Five Years of Progress 9


Amnesty International describes the curent state of play:

Carnage and despair in Iraq

Five years after the US-led invasion of Iraq, the country is still in disarray. The human rights situation is disastrous, a climate of impunity has prevailed, the economy is in tatters and the refugee crisis continues to escalate.

Seumas Milne sums it up brilliantly in The Guardian:

There must be a reckoning for this day of infamy

The problem in Iraq, we’re now told, was a lack of preparation, or the wrong kind of planning, or mistakes in implementation. If only, say the neocons, we had put our man Ahmad Chalabi in charge from the start, the Iraqis wouldn’t have felt so humiliated. If only we hadn’t dissolved the army, the pragmatists insist, the insurgency would never have taken off. If only the Brits had been running the show, mutter the old Whitehall hands, all would have been different. The problem, it turns out, was not the invasion and occupation of a sovereign Arab oil state on a tide of official deceit, but the way it was carried out…

…For the future, so long as the disaster of Iraq is put down to mistakes or lack of planning, the real lessons will not be learned, but repeated – as appears to be happening now in Afghanistan. Gordon Brown has at last promised a full Iraq inquiry when British troops are no longer in the firing line. But any more delay to a proper accounting of what has taken place – including, as the Liberal Democrat leader Nick Clegg said at the weekend, the nature of the US-British relationship – will only further corrode the political system. The disaster of Iraq has at least had the effect of demonstrating the limits of imperial power and restraining further US attacks. The danger is, however, that next time they’ll just try and do it differently – without the mistakes.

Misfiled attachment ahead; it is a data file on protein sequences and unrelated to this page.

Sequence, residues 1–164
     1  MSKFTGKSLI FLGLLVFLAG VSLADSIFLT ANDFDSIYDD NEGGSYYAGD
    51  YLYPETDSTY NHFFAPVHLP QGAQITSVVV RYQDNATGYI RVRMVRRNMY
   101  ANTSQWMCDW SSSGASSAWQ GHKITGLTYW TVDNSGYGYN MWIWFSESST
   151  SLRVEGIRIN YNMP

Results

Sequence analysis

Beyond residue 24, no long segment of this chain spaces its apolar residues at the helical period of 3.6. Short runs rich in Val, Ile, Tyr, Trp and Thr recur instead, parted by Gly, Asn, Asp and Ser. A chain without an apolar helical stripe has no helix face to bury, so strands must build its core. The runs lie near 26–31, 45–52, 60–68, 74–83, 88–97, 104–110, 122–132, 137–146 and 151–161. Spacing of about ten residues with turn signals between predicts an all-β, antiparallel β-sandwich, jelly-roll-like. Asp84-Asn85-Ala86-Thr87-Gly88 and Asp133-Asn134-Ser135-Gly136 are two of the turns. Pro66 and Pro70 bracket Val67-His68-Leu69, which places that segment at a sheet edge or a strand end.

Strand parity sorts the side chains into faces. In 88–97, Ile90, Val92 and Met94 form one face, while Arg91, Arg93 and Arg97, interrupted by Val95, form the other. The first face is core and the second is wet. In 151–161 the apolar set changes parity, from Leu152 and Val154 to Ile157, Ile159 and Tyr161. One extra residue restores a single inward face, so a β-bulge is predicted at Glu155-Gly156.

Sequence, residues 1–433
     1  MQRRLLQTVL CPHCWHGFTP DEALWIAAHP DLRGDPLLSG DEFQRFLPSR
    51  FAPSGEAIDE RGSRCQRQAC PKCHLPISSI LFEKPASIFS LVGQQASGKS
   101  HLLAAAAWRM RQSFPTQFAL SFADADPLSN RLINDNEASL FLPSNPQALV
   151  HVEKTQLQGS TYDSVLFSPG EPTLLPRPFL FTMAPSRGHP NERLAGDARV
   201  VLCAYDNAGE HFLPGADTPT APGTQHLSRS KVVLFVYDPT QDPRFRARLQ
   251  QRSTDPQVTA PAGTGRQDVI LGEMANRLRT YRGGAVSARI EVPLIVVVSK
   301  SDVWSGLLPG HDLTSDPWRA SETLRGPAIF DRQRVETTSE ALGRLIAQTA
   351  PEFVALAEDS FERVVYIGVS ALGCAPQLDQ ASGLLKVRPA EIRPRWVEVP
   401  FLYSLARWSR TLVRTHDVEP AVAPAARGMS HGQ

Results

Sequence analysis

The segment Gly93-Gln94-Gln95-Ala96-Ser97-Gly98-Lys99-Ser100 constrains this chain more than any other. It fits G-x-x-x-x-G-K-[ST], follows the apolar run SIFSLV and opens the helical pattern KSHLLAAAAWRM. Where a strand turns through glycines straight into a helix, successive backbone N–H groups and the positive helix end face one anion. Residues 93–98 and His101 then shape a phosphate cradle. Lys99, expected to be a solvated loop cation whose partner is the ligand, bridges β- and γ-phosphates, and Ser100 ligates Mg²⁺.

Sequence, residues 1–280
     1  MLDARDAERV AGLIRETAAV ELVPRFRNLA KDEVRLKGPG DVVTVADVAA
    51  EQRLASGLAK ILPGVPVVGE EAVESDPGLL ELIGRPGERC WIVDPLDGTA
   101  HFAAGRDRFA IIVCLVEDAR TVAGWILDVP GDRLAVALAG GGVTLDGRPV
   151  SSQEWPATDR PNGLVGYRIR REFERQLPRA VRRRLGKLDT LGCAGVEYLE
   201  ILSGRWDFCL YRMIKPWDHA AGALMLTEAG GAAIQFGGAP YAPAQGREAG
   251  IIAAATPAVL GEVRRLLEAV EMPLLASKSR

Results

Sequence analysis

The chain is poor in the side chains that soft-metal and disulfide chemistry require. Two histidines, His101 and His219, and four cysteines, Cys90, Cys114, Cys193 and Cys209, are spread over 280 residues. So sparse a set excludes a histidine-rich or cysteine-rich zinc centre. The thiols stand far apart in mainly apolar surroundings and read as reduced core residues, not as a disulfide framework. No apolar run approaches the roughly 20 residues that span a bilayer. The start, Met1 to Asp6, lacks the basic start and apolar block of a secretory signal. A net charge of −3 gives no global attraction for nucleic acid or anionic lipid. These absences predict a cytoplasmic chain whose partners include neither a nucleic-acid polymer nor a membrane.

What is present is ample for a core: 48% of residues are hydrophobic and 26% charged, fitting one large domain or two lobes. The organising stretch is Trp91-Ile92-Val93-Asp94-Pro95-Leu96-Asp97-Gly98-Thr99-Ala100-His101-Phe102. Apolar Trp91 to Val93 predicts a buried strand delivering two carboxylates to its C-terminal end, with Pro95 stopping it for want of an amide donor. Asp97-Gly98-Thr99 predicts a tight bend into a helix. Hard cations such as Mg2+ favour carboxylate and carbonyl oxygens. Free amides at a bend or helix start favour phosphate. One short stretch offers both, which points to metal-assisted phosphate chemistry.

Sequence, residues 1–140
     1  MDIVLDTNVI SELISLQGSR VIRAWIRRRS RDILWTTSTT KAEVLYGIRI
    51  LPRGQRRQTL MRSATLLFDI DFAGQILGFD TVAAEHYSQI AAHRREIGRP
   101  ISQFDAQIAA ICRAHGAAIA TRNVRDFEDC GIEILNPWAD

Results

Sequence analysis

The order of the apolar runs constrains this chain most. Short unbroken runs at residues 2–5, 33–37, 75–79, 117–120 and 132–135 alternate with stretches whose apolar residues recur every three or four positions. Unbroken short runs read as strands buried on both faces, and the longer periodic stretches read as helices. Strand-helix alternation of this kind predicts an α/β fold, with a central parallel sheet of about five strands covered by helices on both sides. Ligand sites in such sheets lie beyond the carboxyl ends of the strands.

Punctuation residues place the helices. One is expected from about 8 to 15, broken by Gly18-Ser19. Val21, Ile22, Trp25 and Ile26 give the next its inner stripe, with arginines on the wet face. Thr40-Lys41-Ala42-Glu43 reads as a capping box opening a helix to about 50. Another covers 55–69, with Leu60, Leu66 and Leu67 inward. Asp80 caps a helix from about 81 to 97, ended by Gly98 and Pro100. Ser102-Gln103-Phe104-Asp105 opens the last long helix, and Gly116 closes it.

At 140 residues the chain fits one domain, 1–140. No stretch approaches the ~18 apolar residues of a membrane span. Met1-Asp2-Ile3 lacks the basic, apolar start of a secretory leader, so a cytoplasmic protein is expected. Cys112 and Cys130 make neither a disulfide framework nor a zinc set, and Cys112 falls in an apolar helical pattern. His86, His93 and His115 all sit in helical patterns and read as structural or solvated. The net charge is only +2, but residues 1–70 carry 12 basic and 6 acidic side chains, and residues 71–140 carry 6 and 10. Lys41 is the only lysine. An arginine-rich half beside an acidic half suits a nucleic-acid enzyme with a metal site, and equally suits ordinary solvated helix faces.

9 thoughts on “Five Years of Progress

  • ken

    A short while ago, the Labour Party proudly published its top fifty achievements of ten years in power. Its website invited comments and further suggestions. I submitted the following (as a member of the Labour Party) and offer it as a comment here.

    I received no reply.

    "For 5 years of Labour's government there has been a war in Iraq and in Afghanistan, supported by Labour's leaders. One hundred and seventy British servicemen have been killed, and hundreds of thousands of civilians, women, children, also killed during the pursuit of these wars. Has none of this led to ANY achievement that can rank in Labour's top 50? Is there NOTHING that all these people died for that ranks above 'Free entry to national museums and galleries'? Exactly WHAT about these wars is there for Labour members to be proud of that can rank in this top 50?

    These wars, WHAT are they for? This is my suggestion for an entry in Labour's top 50 achievements: Laws introduced making it illegal to read the names of killed soldiers at the Cenotaph in Whitehall. Please let me know what consideration will be given to my suggestion and where it ranks. Thankyou.

  • ruth